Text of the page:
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Columns

  • Nuestra Historia - ‘Who is on trial?’

    District Attorney Luis Armijo’s role quickly receded at Carl Magee’s trial in June 1923, and the young Armijo limited his participation to jury selection.
    Once a jury was seated, the special prosecutors took over, with former attorney general O.O. Askren taking the lead.

  • Work of Art - Why we must share

    For weeks I’ve searched for a concise way of articulating my feelings on how the electronic era  has changed our lives. Then it hit me.

    In Sunday’s Parade Magazine, there’s a cartoon that shows a man at the computer, asking his wife, “What’s the point of having an opinion if you don’t email it to everyone you know?”

    Now that was perfect: We must share, but if there’s no one to receive the message, what’s the point?

  • Editor's Note - Newspaper war stories

    I think it was one of the greatest newspaper wars of our time — the battle between two Little Rock, Ark., newspapers, the Arkansas Gazette and the Arkansas Democrat.

    I’m not sure the story I’m about to tell supports that contention, but I’ll tell it anyway. Just for the fun of it.

    It was my first journalist job off campus. I was hired at the Gazette to take down scores and stats and write brief high school football game summaries.

  • Nuestra Historia - Armed deputies guard Carl Magee trial

    As Carl Magee went on trial in June of 1923, Sheriff Lorenzo Delgado posted armed deputies in Judge Leahy’s courtroom — and their presence was unmistakable and intimidating. As later remembered by an Optic reporter who covered the trial, “heavily armed deputies constantly walked back and forth across the well of the court between the jury room and Judge Leahy’s chambers.”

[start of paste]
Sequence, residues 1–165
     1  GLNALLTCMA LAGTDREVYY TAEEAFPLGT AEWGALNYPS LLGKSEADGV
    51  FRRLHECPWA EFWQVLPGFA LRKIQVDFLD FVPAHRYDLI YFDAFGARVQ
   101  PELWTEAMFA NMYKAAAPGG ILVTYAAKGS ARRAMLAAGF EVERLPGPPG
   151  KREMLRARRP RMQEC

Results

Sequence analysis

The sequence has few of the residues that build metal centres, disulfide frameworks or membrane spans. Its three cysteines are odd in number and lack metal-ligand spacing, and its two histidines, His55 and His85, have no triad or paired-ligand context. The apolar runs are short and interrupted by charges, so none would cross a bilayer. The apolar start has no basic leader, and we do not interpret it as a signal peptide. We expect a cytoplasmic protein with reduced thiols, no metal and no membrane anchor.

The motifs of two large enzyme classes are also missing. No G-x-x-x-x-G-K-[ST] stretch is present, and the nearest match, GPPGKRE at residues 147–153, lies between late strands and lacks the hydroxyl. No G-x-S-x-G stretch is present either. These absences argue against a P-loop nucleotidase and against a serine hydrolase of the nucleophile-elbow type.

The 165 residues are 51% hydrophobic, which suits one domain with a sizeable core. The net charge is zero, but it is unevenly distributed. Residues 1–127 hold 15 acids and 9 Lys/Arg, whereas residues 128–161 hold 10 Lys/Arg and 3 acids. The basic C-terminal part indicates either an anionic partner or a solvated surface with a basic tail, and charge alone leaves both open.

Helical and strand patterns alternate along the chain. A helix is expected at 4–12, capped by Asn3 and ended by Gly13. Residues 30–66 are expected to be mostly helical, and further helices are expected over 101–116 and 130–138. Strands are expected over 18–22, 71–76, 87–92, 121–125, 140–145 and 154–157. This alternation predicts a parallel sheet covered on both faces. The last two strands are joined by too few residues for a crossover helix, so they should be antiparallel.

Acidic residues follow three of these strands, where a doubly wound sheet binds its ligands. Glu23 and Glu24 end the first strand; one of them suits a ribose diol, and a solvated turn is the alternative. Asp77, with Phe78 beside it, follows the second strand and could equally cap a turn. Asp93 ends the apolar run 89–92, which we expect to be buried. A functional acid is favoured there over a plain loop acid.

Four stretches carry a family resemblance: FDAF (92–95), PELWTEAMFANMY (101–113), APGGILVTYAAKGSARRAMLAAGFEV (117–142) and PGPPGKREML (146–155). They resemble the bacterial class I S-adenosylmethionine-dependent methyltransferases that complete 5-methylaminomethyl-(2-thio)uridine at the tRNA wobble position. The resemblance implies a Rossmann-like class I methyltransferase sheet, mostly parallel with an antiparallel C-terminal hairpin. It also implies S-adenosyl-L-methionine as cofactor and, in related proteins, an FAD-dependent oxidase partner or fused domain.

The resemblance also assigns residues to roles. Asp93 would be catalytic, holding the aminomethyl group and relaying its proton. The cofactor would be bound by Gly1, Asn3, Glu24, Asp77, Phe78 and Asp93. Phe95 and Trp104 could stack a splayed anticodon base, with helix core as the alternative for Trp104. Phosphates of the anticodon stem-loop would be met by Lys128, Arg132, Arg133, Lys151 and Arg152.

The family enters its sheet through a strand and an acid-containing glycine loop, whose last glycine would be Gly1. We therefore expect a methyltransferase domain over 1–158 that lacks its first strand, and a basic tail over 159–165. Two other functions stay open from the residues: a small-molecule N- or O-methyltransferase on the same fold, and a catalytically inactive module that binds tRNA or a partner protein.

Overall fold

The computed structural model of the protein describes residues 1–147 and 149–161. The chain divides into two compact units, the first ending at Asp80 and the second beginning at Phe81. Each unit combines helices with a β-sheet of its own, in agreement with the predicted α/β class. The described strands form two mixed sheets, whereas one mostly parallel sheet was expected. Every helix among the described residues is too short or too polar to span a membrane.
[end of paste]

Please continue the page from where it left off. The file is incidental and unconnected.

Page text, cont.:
• Work of Art - Nothing to do here?

    It really seemed easy. I watched as three grandchildren tried the ridiculously easy task of kicking a sponge ball through a space of about two feet square. What’s the big deal?

    Carly, Celina and Arthur Roland, my grandchildren,  couldn’t knock the ball through; in fact, most of the time they missed the ball completely. The catch? Jennifer Ballen, of the San Miguel County DWI task force, had them wear goggles that simulate how an intoxicated person would see things.

  • Editor's Note - The rises and falls of the Vigils

    Last week I offered up some post-election tidbits based on the results of the June 5 primary elections, but I saved this one for a column of its own. Put into context, it’s much bigger than a tidbit.

    Two primary elections resulted in the defeat of two Vigils from the Valley. Richard Vigil, a state representative since 1999, was beaten by Tomás Salazar, who received 56 percent of the vote. Rep. Vigil will serve out his term and Salazar is poised to take his place in January 2013.

  • Nuestra Historia - ‘Abandon hope all ye who enter here’

    On June 11, 1923, Judge David J. Leahy issued an arrest warrant for Carl Magee, ordering Sheriff Lorenzo Delgado to “take the body of Carl C. Magee and keep him safely so that you have his body forthwith before the District Court within and for San Miguel County.”

    Secundino Romero had set in motion the wheels of San Miguel County justice — his justice. Carl Magee’s Albuquerque newspaper would be silenced, and Magee himself punished. The stage was set in a town controlled by a family whose very name meant Las Vegas and San Miguel County.

  • Work of Art - How do we define ‘excessive’?

    When does a celebration become “excessive”? All of us who watch football have seen a number of flags tossed to penalize players or teams whose jubilation becomes disruptive.

    Defining “excessive” becomes a problem. Many dislike the look-at-me attitude of some players who, while on their way to a touchdown, begin their strut, an in-your-face gesture that fans and — especially — opposing teams loathe.

  • Editor's Note - Election postmortems

    The turnout wasn’t great in San Miguel County or statewide, but there’s still plenty of interesting tidbits to consider, given the results from last week’s elections. Here are a few:

    • • •

  • Nuestra Historia - Judge Leahy, Carl Magee and Sec Romero

    It was Friday, June 22, 1923, at 4:13 in the afternoon, when a jury returned a verdict against Carl C. Magee, editor and publisher of the Albuquerque Tribune — finding him guilty of criminal libel.

    Surrounded by the most capable lawyers in New Mexico, Magee stood before the court, as District Judge David J. Leahy sentenced the publisher to a year in jail.